While the conventional immersion exposure apparatus uses water for the immersion material, the immersion material having a higher refractive index is being developed to meet the demand for finer processing. National Institute of Standards and Technology (“NIST”) proposes some immersion materials each having a higher refractive index than that of water, such as inorganic acid or salt added water (e.g., H3PO4) and alcohol derivatives (e.g., 1,2,3-propanetriol). Mitsui Chemicals, Inc. and JSR Corporation propose to use flammable hydrocarbon organic liquid for the immersion material having a high refractive index. This immersion material when used for a conventional immersion exposure apparatus is likely to burn due to ignition sources provided in the immersion exposure apparatus, such as an electric circuit, a motor, and an exoergic component.

BRIEF SUMMARY OF THE INVENTION

The present invention is directed to an immersion exposure apparatus that can use a flammable immersion material.

An exposure apparatus for exposing a pattern of a reticle onto a substrate includes a projection optical system for projecting the pattern onto the substrate, the exposure apparatus exposing the substrate through a flammable liquid that is filled in a space between the substrate and the projection optical system, and an explosion-proof unit for shielding an ignition source that can ignite the liquid or vapor of the liquid, from the liquid and the vapor.

Other objects and further features of the present invention will become readily apparent from the following description of the preferred embodiments with reference to accompanying drawings.

BRIEF DESCRIPTION OF THE DRAWINGS

FIG. 1 is a schematic sectional view of an exposure apparatus according to one aspect of the present invention.

FIG. 2A is a schematic block diagram showing a structure of an explosion-proof means shown in FIG. 1 that includes one metal cabinet shields a whole wafer feeding system. FIG. 2B is a schematic block diagram showing the structure of the explosion-proof means shown in FIG. 1 that includes some metal cabinets shields each unit or motor that can be an ignition source.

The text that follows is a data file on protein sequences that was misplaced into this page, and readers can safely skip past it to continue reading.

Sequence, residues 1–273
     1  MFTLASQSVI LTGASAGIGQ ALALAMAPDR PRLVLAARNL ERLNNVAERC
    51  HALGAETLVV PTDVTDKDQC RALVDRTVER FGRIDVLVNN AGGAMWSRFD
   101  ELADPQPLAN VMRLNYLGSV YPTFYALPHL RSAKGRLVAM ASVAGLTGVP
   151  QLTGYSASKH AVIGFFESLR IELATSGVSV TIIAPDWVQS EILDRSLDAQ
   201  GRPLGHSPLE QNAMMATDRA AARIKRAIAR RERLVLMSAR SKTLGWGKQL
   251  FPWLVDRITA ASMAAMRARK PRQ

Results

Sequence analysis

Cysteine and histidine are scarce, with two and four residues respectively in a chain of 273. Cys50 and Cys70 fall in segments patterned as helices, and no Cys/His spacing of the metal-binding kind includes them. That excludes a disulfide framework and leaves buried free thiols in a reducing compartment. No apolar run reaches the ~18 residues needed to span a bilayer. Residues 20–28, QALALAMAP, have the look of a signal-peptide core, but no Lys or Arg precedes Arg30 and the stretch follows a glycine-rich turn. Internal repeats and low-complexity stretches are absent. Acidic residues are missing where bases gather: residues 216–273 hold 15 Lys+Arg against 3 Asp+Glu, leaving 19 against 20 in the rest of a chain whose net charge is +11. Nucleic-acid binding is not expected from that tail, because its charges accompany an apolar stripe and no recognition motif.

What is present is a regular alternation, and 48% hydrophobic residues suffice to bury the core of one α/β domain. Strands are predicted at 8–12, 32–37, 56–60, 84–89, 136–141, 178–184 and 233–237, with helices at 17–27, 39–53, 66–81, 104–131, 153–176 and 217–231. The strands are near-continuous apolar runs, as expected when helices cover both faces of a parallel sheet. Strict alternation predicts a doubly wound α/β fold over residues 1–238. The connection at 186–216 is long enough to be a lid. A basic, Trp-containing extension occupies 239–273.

FIG. 3 is a schematic sectional view of an exposure apparatus according to another aspect of the present invention.

FIG. 4 is a schematic sectional view of an exposure apparatus according to still another aspect of the present invention.

FIG. 5A is a view showing a liquid-contacting member grounding method for a supply or recovery tank. FIG. 5B is a view showing a liquid-contacting member grounding method for a pipe.

FIG. 6 is a schematic sectional view showing a structure of the wafer stage shown in FIG. 1.

FIG. 7 is a flowchart for explaining manufacture of devices.

FIG. 8 is a detailed flowchart of a wafer process as Step 4 shown in FIG. 7.

DETAILED DESCRIPTION OF THE PREFERRED EMBODIMENTS

Referring now to the accompanying drawings, a description will be given of an exposure apparatus according to one aspect of the present invention. In each figure, the same elements are designated by the same reference numerals, and a duplicate description thereof will be omitted.

First Embodiment

FIG. 1 is a schematic sectional view showing a structure of the exposure apparatus 1 according to a first embodiment of the present invention. The exposure apparatus 1 is an immersion exposure apparatus that exposes a circuit pattern of a reticle 20 onto a wafer 40 in a step-and-scan manner via a liquid (immersion material) LW supplied to a space between the projection optical system 30 and the wafer 40. The exposure apparatus 1 may apply a step-and-repeat manner.

The exposure apparatus 1 includes, as shown in FIG. 1, an illumination apparatus 10, a reticle stage that supports the reticle 20, a projection optical system 30, a wafer stage 45 that supports the wafer 40, a liquid supply/recovery unit 70, and an explosion-proof means (81, 82).

The illumination apparatus 10 illuminates the reticle 20 that has a circuit pattern to be transferred. The illumination apparatus 10 includes a light source unit, and an illumination optical system.

The light source unit uses as a light source, for example, an ArF excimer laser with a wavelength of approximately 193 nm in this embodiment. However, the light source unit is not limited to the ArF excimer laser, and may use, for example, an F2 laser with a wavelength of approximately 157 nm.

The illumination optical system is an optical system that illuminates the reticle 20 using the light from the light source unit.

The reticle 20 is fed from the outside of the exposure apparatus 1 by a reticle feeding system (not shown), and is supported and driven by the reticle stage. The reticle 20 is made, for example, of quartz, and has a circuit pattern to be transferred. The diffracted lights emitted from the reticle 20 pass the projection optical system 30, and are projected onto the wafer 40. The reticle 20 and the wafer 40 are located in an optically conjugate relationship. Since the exposure apparatus 1 of this embodiment uses a step-and-scan system, the reticle 20 and the wafer 40 are scanned at a speed ratio of the reduction ratio to transfer the pattern of the reticle 20 to the wafer 40.